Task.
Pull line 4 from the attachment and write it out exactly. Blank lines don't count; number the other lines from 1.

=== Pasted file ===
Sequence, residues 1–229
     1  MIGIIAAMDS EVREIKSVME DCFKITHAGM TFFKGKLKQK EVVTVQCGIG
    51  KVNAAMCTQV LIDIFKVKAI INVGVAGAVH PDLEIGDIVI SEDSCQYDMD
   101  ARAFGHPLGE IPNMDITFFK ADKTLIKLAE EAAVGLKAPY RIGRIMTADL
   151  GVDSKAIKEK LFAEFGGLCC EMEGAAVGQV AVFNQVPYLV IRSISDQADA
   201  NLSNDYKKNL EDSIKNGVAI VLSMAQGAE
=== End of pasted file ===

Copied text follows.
   101  ARAFGHPLGE IPNMDITFFK ADKTLIKLAE EAAVGLKAPY RIGRIMTADL